Communicating through the reopening/reactivating process
Across the United States, governors are easing restrictions for business closures. While including physical therapy practices were often declared essential, many experience severe patient loss or simply closed temporarily. And while APTA is encouraging clinics to take CDC guidance into careful consideration, communicating with your patients is key. Each PT practice has a responsibility to inform their patients about opening dates, new safety precautions, and options for those who don’t feel comfortable seeking in-person therapy.
When discussing unfolding events, the method and presentation of this information are just as important. Physical therapists found success in educating their patients solely with the facts necessary to continue their physical therapy treatment – avoiding political and medical bias. This way, both new or existing patients are equipped with pertinent information required to make wise decisions when choosing to receive initial evaluations or following in-person PT treatment plans.
So how can you communicate effectively with your patients about the upcoming changes?
In this article, we’ll discuss seven essential communication tips to consider when reopening your physical therapy practice.
1. Communicate the Latest Operational Information
Tailoring physical therapy treatment to each individual is critical, but there isn’t a one-size-fits-all solution in these uncertain times. Physical therapy practices need to heed CDC warnings and government advice when making decisions in their patients’ best interests.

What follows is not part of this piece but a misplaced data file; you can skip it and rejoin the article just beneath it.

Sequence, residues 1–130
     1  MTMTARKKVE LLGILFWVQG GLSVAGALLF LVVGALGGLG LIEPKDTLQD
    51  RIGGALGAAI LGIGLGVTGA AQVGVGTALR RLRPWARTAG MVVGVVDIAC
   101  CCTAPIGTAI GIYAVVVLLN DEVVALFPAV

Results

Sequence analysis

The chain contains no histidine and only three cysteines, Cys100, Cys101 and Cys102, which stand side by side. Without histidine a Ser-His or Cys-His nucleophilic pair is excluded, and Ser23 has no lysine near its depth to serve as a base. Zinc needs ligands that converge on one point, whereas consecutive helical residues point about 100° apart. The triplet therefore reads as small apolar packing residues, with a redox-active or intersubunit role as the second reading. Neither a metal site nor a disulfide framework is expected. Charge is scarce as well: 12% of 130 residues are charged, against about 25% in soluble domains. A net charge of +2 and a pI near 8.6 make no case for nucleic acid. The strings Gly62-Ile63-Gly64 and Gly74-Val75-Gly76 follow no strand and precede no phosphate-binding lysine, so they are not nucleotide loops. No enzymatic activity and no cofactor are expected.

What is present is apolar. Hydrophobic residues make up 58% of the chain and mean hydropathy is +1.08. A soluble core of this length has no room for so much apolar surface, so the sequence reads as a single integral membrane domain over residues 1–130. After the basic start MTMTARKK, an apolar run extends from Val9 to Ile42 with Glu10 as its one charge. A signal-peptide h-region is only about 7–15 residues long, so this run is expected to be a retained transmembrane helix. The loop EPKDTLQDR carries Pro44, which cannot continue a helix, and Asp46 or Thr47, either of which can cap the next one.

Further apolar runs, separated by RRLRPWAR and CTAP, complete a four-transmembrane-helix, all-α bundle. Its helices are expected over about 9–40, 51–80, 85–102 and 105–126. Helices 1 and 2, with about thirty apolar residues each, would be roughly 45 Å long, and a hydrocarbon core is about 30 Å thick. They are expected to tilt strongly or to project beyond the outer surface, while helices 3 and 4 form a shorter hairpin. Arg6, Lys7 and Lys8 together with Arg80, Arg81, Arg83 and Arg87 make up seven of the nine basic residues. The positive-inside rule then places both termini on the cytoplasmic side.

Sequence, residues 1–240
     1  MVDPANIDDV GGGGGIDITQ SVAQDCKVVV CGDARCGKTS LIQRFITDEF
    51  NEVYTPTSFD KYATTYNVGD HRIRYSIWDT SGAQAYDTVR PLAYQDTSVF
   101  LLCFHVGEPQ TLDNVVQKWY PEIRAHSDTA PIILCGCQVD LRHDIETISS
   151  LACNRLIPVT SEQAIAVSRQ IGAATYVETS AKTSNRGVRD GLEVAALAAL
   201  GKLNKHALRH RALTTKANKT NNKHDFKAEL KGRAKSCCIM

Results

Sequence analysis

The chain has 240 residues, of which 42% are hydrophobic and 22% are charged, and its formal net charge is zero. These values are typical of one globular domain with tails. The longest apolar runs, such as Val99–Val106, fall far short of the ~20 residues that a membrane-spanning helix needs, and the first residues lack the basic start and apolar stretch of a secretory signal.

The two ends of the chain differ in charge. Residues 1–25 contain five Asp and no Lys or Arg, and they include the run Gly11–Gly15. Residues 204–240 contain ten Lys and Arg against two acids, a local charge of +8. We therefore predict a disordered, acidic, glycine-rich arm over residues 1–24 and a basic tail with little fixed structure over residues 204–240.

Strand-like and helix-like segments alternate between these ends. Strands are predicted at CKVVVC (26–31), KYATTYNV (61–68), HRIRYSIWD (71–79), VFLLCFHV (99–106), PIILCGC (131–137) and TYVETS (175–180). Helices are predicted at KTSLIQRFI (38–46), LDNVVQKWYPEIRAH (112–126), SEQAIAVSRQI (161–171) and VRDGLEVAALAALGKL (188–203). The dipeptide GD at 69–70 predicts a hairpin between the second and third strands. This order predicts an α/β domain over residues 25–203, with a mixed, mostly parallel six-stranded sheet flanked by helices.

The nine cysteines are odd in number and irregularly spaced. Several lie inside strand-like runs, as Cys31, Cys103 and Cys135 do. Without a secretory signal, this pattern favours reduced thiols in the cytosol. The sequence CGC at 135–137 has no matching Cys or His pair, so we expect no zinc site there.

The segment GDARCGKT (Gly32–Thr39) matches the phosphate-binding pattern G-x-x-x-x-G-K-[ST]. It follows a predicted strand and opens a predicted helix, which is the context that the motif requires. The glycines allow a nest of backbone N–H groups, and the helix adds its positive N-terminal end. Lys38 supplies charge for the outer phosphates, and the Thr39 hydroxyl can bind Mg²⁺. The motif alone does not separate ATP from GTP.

Throughout this process, communicate when you’re returning to normal-ish operations – explaining in detail what’s changed. PTs should reach out to their patients, marking their preferred method of communication, and let them know details about opening the clinic. In the following weeks, ensure each patient receives updates via their preferred method of communication and understands the current services provided.
Excellent communication will benefit the safety of all by allowing extra time to prepare facilities and staff for patient visits and telehealth services.
2. Share Precautions Taken to Create a Safe Environment for Patients
Include descriptions of these various safety measures in your newsletter, social media posts, or over the phone. Patients should know what precautions to expect before they attend their scheduled appointment.
3. Provide an Ongoing Option for Telehealth Services
Providing the option for ongoing telehealth services is vital for your patients’ ease of access to physical therapy. While some people are comfortable leaving their homes, others are not. Especially for patients who are elderly or high-risk due to preexisting conditions. PTs must bend their procedures around patients to strengthen the overall treatment strategy.
Additionally, encouraging enrollment in telehealth services will decrease traffic in your clinic, making it safer for your staff, patients, and self. Having these methods in place, if you haven’t already, is vital for patients who need care.
4. Use Social Media to Provide Essential Updates